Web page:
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  • identicon
    Anonymous Coward, 13 Feb 2018 @ 12:27pm

    Really like the idea of using some cycles to browse ad free. Just as long as I know about it before it starts.

    reply to this | link to this | view in chronology ]

    • identicon
      Anonymous Coward, 13 Feb 2018 @ 12:51pm

      Re:

      If it was just a few cycles or antebellum I could control, maybe. However it won't be just a few.

      reply to this | link to this | view in chronology ]

    • identicon
      Lawrence D’Oliveiro, 13 Feb 2018 @ 1:59pm

      Re: Really like the idea of using some cycles to browse ad free. Just as long as I know about it before it starts.

      This may very well be the new business model. You have four or eight or twelve cores, which probably spend most of their time sitting idle. If a site asks (nicely!) to use one in return for providing their services ... could this become the new form of barter economy?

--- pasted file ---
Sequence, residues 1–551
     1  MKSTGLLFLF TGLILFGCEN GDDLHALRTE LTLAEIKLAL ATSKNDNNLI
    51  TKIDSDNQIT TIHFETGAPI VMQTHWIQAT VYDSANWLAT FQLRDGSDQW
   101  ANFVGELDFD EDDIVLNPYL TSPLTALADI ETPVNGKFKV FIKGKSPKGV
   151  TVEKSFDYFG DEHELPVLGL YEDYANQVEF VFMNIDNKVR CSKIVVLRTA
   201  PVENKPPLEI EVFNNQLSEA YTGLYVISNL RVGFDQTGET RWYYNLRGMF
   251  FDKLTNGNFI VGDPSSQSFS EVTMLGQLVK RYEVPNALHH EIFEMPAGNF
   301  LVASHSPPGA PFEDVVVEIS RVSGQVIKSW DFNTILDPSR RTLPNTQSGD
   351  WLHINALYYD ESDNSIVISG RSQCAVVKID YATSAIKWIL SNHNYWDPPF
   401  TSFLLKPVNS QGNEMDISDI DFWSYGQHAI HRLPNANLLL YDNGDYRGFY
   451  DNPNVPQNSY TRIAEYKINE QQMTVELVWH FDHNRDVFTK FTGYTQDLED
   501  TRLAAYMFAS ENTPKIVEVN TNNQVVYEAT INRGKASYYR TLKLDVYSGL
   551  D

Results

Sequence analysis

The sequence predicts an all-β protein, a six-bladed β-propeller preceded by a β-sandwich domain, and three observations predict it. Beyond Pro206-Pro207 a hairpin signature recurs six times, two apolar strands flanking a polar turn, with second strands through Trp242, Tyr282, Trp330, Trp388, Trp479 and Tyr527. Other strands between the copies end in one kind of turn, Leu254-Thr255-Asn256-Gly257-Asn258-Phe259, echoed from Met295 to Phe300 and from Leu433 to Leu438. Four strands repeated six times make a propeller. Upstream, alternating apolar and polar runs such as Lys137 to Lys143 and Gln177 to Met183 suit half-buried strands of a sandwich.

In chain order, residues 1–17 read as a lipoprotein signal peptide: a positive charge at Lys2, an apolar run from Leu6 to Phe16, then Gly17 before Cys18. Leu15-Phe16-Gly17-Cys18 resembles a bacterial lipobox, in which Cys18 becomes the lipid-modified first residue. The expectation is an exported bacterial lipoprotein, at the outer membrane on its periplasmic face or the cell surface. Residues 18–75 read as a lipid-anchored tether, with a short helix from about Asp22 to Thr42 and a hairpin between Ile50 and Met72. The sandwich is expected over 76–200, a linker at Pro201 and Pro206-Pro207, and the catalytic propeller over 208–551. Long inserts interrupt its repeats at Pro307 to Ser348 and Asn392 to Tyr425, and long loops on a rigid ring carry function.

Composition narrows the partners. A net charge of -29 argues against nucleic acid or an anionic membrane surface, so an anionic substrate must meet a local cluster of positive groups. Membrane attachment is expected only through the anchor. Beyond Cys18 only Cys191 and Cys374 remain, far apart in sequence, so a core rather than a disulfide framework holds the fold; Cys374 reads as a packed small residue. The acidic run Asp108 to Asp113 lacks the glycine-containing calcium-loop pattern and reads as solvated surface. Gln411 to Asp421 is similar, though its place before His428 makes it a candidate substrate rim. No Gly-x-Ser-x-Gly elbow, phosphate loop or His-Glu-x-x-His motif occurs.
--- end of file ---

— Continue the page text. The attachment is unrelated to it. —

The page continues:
I can see Governments objecting because they can’t figure out how to tax it.

      reply to this | link to this | view in chronology ]

      • identicon
        Anonymous Coward, 13 Feb 2018 @ 2:09pm

        Re: Re: Really like the idea of using some cycles to browse ad free. Just as long as I know about it before it starts.

        It is theft of service.

        reply to this | link to this | view in chronology ]

    • identicon
      Anonymous Coward, 14 Feb 2018 @ 9:41am